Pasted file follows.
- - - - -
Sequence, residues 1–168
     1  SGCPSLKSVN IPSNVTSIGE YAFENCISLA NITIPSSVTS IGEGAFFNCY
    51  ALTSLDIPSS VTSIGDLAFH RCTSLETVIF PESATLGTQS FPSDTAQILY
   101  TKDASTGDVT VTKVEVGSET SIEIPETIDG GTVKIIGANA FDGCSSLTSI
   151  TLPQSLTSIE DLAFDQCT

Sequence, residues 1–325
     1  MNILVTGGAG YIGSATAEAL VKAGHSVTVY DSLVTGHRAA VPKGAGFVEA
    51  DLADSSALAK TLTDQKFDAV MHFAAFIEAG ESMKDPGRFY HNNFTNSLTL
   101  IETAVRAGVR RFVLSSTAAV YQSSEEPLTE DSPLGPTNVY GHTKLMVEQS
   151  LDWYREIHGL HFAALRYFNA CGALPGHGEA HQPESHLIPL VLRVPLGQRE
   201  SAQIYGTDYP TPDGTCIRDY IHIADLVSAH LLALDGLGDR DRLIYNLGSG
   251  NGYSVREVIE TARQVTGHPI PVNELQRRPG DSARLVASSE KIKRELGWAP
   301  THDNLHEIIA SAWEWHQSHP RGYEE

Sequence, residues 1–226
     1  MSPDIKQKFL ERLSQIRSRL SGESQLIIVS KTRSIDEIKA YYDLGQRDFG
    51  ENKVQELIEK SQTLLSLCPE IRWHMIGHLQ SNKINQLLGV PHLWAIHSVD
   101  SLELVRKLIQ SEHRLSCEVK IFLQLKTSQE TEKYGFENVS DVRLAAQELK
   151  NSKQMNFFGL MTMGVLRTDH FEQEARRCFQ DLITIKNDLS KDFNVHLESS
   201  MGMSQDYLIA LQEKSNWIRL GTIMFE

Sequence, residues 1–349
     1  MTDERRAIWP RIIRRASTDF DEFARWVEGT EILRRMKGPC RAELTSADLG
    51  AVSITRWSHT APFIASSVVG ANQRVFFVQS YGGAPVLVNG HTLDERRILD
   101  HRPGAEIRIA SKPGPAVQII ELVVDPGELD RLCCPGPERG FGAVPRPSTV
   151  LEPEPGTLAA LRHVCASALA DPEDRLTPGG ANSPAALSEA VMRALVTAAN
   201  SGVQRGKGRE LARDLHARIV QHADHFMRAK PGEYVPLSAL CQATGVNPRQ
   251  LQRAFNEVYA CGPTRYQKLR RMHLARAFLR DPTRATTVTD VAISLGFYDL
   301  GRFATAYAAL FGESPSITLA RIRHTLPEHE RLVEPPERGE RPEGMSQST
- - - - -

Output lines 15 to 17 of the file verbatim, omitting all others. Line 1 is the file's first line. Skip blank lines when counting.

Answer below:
     1  MSPDIKQKFL ERLSQIRSRL SGESQLIIVS KTRSIDEIKA YYDLGQRDFG
    51  ENKVQELIEK SQTLLSLCPE IRWHMIGHLQ SNKINQLLGV PHLWAIHSVD
   101  SLELVRKLIQ SEHRLSCEVK IFLQLKTSQE TEKYGFENVS DVRLAAQELK